Maggie walked around the edge of the circle.  Her father used to bring her here to play.  The ground around it still bore the marks of where he had mined the stones of the Stone’s Throw Inn’s foundations.  The very stones gave her inn the power to resist the ways of darkness and to keep evil at bay.  Even as she passed around the edge of the circle, she could feel the power burning here.  Though burning was not how it felt to her.  Stone thrummed with a song that no mortal man could hear, and even some mageborn were deaf to.  It was the song of her blood, the song of a people born from the bones of the world.  The song no Dvergar was ever allowed to forget.  Maggie let it fill her and took a deep breath and stepped through the circle of stones.  She approached the broad center stone that served some as an altar and others as a place of gathering power.  The wax in her ears might have taken away her ability to hear the sounds of the world at night, but it never took away the song buried in the stones.

 

Smiling, she stopped beside the altar and pulled out the box.  She settled it on the center stone and drew forth the key.

 

It did not surprise her when Maggie felt the wind shift.  Still holding the key in one hand, she grabbed the box and stepped aside, and just in time.  A staff fell with great force, striking the center stone at the spot where she had stood.  She dashed around it, glancing over her shoulder just long enough to see that Gaothach stood there cursing--at least, she assumed he was cursing because his mouth was moving and his expression was unfriendly.  His very presence told her either Tinkerson had played his part and spilled the beans, or Gaothach had figured out a way to get past the door wards to the inn.  In either case, she had expected he would follow.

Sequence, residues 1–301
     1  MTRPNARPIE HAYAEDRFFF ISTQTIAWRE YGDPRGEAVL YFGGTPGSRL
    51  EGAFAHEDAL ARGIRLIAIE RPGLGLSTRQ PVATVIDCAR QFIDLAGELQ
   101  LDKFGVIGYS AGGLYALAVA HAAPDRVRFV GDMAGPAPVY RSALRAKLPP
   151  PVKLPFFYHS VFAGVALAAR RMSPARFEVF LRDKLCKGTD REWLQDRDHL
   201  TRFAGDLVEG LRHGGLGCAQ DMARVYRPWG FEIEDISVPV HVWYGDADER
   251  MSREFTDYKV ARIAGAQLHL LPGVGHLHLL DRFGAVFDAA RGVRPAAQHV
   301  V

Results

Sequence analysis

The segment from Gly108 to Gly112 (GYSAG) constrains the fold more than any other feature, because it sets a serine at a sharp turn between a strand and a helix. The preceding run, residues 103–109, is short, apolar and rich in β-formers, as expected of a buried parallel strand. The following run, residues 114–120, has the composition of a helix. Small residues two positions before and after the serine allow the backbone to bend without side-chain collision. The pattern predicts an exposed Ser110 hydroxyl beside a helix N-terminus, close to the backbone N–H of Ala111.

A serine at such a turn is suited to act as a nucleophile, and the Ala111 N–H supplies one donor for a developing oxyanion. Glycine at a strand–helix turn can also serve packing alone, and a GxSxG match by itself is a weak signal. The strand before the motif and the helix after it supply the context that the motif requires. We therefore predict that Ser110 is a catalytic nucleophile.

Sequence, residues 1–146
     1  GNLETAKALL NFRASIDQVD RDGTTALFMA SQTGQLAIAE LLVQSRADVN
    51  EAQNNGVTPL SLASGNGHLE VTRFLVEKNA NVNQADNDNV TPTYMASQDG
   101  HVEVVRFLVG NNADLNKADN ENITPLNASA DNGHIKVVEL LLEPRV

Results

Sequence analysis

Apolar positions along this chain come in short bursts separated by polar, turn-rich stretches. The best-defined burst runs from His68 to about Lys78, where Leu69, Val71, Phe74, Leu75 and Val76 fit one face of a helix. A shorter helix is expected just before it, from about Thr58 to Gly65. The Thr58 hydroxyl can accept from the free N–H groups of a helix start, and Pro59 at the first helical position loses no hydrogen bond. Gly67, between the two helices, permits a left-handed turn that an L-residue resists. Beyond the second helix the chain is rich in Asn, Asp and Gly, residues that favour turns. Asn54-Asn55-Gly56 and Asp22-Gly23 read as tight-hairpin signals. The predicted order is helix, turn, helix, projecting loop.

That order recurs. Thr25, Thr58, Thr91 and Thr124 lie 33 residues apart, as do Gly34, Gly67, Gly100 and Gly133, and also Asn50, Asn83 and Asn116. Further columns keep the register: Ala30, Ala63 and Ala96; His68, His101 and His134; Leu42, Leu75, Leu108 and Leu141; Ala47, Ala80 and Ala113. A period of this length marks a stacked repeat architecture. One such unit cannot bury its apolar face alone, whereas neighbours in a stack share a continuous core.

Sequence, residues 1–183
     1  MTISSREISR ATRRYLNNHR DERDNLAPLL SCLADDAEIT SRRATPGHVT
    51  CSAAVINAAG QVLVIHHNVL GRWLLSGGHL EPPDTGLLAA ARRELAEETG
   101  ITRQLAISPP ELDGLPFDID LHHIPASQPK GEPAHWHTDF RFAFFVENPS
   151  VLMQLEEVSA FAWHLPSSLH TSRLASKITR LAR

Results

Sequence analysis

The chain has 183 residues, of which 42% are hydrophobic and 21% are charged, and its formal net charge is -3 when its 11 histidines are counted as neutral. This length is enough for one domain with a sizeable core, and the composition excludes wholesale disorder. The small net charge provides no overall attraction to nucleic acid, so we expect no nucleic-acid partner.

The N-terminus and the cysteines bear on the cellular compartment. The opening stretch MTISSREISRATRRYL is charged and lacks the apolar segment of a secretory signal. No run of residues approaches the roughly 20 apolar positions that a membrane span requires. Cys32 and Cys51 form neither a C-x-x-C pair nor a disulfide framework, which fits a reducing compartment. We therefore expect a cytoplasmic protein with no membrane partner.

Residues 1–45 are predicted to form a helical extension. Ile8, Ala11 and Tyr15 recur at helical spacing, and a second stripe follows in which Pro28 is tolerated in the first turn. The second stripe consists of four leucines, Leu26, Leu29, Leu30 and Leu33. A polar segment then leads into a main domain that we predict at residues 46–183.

Gaothach shouted, and she saw his lips move to say, “Give me that box!”

 

“Gladly,” she replied.  “What is in it is yours anyway.”

 

His expression changed as she inserted the key and turned it.  At first, he looked as though he expected nothing, but then he stopped and stared at her.

 

Faintly, through the depths of wax in her ears, she perceived an ancient keening sound.  The Bard of the Wind seemed to freeze where he stood, his staff upraised to strike again. He dropped his staff and put his hands over his ears.  Blood began to seep through his fingers, and his face contorted with pain.  Then he dropped like a stone, forming a puddle-like heap of cloth and human remains at the edge of the center stone.